Laurens didn’t let a little setback like the South Carolina House of Representatives slow him down, however. He briefly became a prisoner of war during the fall of Charleston and later became a diplomat, thanks to his fluency in French, and convinced France to side with the colonies against the British. He returned to South Carolina and continued to serve in the Continental Army until the British had enough of the war. Discussions were underway for a treaty following the involvement of the French, and the defeat of General Cornwallis at Yorktown. Laurens was one of those who penned the terms of the surrender of the British, and although it wasn’t official until 1783, the fighting was finally grinding to a halt in America.

One of the last skirmishes happened in late August 1782, only weeks before the British withdrew their forces. Laurens had been on a sickbed, possibly suffering from malaria, when he heard of a foraging party of about 300 British soldiers about to descend on the area. Laurens was instructed to take a small force downriver and attack the enemy as they retreated. Instead of sleeping, Laurens and his men spent the evening in the company of ladies at a plantation house, and before dawn, left the plantation to head to take up his position. Unfortunately, the British had anticipated his movements, and Laurens found himself and his men in the middle of an ambush. Instead of drawing back and waiting for his reinforcements, only a few miles away, Laurens ordered an attack. As one of his men said, “(Laurens) wanted to do all himself, and have all the honor.” With Laurens leading the charge, the British attacked, mortally wounding John Laurens in what would become one of the final battles of the Revolutionary War. His father learned of his son’s death while in France negotiating the peace treaty that would officially end the war. Just as there must be a first to fall in any conflict, there is also a last.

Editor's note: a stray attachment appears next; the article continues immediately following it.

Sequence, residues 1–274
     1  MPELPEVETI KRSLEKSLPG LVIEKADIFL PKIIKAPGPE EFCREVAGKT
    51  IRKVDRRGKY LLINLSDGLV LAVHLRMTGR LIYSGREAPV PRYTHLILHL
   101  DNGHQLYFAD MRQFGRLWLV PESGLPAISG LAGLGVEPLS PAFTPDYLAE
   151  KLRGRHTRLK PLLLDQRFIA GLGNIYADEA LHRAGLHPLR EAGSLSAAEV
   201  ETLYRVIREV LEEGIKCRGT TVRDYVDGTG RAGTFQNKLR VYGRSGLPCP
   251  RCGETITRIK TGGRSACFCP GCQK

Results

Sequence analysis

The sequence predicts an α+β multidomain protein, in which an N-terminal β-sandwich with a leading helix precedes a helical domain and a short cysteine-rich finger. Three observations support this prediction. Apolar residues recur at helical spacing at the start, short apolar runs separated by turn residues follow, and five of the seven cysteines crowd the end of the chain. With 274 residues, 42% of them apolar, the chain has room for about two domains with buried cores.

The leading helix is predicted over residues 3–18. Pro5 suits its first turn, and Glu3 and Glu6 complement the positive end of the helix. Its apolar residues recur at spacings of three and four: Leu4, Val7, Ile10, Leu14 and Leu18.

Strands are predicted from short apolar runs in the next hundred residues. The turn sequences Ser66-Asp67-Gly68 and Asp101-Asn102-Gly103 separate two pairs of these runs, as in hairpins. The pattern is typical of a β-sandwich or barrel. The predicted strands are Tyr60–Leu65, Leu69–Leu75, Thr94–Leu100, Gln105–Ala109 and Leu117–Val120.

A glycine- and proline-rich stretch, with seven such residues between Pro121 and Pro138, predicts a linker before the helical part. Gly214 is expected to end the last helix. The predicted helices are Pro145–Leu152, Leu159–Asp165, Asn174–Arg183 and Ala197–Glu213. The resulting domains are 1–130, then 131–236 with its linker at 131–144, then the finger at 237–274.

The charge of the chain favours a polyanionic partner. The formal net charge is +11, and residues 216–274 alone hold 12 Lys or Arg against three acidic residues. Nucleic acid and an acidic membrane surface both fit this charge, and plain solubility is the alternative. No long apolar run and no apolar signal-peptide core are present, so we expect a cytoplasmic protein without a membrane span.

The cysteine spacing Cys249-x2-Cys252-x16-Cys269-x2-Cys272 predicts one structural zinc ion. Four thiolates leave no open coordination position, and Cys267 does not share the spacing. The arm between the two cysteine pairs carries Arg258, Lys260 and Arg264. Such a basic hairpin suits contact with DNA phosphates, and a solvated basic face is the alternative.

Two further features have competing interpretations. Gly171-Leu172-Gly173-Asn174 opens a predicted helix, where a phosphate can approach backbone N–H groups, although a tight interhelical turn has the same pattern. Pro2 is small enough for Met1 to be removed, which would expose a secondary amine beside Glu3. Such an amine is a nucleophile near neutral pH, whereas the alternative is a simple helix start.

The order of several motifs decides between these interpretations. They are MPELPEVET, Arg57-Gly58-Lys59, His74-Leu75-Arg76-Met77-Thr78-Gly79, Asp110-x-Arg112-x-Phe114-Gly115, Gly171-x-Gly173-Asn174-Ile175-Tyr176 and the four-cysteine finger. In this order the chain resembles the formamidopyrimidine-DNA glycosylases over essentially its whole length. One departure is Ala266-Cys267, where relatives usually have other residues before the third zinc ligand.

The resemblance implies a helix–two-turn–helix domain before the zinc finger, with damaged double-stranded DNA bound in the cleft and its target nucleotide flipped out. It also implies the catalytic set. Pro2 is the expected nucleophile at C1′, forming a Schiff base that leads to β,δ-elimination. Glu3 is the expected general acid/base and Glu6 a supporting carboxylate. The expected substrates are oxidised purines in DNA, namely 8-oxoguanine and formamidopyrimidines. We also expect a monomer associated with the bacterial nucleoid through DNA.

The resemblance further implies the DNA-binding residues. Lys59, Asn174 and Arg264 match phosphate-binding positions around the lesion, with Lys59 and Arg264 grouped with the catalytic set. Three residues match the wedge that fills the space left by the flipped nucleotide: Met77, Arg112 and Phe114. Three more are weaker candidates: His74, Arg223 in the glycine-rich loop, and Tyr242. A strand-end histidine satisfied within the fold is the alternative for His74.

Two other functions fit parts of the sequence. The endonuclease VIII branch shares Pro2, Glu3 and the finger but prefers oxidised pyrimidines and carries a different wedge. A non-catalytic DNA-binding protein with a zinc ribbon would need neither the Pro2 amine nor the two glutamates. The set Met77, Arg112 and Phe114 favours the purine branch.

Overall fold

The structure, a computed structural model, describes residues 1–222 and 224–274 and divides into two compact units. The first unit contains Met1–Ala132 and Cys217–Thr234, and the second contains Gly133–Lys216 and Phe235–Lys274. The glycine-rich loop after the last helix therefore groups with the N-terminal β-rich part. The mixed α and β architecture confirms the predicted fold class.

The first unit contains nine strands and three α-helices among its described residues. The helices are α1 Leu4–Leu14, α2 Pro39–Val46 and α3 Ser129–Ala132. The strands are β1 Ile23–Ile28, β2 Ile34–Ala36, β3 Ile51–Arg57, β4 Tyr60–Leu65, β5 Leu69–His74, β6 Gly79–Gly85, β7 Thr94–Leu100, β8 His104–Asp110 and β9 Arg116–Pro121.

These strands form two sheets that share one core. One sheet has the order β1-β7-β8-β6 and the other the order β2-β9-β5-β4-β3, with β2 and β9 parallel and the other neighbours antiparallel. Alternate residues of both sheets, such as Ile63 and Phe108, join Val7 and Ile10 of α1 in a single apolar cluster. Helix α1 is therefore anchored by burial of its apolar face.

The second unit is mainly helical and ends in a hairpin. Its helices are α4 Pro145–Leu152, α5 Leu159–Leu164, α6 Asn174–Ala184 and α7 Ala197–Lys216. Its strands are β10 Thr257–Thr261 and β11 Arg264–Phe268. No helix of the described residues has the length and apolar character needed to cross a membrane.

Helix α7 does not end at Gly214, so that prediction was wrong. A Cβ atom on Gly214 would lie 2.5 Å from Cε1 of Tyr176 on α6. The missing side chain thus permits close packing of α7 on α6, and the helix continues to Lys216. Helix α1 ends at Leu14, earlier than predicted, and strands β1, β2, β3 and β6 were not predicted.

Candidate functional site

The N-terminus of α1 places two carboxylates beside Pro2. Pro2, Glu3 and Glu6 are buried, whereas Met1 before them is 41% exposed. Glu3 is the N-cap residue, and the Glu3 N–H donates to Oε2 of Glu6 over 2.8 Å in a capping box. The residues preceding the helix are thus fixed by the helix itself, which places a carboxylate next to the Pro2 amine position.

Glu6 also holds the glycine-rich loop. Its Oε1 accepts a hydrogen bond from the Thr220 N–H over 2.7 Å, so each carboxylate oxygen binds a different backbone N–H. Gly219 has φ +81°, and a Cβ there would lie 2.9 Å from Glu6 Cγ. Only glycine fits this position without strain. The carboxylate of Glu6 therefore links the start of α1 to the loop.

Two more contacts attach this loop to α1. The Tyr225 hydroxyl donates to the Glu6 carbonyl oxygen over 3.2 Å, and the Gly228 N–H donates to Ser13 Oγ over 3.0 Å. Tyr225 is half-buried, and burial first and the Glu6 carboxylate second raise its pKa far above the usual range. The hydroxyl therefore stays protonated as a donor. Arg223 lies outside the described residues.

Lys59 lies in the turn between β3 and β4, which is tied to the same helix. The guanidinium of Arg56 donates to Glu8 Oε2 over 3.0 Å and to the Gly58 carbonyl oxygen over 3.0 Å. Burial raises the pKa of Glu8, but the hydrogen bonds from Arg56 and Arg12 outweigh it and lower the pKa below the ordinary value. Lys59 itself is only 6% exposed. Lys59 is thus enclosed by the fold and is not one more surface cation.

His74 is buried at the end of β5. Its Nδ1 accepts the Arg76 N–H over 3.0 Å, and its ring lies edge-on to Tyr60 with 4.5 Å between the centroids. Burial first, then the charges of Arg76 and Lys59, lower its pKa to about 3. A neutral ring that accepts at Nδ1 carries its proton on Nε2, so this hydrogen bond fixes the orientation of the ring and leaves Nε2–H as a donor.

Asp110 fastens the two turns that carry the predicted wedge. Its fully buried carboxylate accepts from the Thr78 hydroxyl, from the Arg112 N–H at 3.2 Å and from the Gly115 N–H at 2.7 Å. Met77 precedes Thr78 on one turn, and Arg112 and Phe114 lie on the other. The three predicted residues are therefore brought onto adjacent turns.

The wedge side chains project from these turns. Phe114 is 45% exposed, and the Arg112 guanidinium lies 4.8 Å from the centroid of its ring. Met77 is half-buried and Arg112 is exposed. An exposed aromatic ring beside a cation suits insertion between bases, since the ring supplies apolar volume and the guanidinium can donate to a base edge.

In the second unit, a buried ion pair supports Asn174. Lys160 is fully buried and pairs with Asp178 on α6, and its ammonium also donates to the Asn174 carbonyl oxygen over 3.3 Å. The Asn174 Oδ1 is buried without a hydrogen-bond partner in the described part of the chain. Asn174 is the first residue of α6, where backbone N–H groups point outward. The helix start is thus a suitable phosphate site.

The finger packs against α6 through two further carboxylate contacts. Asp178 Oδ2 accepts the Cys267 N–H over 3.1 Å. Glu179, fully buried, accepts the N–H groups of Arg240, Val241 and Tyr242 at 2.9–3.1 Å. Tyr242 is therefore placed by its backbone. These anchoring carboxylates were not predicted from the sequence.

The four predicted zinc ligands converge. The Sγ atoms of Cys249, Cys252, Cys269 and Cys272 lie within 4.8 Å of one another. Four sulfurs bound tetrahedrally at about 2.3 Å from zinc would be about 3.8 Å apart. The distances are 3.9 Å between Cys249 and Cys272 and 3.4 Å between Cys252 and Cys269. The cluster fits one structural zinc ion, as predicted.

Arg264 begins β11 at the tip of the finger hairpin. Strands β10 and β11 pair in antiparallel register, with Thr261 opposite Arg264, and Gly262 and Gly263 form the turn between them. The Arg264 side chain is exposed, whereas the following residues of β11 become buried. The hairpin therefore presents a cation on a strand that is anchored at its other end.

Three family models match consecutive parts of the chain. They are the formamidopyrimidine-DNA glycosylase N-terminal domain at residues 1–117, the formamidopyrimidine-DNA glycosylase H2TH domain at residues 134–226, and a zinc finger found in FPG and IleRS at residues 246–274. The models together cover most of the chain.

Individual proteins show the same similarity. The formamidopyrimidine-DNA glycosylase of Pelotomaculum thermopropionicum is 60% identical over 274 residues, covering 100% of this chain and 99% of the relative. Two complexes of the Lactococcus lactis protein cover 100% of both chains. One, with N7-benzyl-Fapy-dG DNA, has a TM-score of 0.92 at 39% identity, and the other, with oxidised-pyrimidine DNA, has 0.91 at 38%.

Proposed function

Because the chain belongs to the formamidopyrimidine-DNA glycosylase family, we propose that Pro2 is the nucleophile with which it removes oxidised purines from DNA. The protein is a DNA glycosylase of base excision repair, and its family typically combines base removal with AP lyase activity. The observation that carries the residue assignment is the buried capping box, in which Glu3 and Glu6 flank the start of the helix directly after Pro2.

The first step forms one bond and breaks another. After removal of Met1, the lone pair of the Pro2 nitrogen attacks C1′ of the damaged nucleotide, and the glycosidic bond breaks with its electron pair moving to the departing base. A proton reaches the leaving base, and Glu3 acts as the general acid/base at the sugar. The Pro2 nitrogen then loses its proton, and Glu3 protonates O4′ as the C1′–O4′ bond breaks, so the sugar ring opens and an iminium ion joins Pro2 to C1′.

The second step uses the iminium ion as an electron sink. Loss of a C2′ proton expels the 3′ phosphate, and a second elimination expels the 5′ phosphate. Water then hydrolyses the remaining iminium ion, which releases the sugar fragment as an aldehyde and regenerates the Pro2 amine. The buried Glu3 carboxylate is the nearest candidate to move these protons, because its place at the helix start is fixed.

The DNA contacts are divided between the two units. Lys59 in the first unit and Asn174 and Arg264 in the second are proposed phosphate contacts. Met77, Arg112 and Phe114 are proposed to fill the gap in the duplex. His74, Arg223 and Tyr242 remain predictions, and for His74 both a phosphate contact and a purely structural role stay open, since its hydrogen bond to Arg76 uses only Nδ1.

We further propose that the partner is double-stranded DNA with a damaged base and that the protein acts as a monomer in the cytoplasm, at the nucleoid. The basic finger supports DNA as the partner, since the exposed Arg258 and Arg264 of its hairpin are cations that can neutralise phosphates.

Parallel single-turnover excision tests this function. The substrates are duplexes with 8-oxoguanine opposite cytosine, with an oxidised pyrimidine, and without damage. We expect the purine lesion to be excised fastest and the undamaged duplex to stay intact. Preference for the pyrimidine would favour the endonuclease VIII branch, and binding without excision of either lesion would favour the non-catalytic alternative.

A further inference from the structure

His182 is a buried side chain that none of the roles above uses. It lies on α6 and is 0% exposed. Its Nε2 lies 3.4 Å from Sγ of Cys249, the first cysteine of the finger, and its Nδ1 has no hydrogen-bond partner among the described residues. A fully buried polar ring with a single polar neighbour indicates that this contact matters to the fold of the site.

Painting depicting the assault on Redoubt 10, Battle of Yorktown, 1781. Courtesy of US Army Center of Military History

So, what does the life and times of John Laurens have to do with America’s current predicament? According to the editorial in the local paper, a vaccine for the pandemic is on the way, so we must treat it as if we are engaged in a battle. We should remain vigilant and not give into our desire for the company of others just yet. Let’s wait a few more months until we can all be given an inoculation and be safe. We’ve come too far to fail now.

Lacking the ability, at least for now, to attend a live performance of Hamilton, Becky Lower spends her days researching the men and women who played a part in the Revolutionary War. The final novel in her Revolutionary Way trilogy, A British Governess in America, will be released in January 2021, and moves the action from Boston and Philadelphia to Groton, Connecticut. Stay tuned to see how Patterson and Eleanor’s story plays out amid the explosive backdrop of Groton. She learned about this part of the war when she lived for a time in northern Ohio and saw all the references to the Firelands and discovered the connection between Ohio and Connecticut. For updates on the release of her final book in the trilogy, visit her website at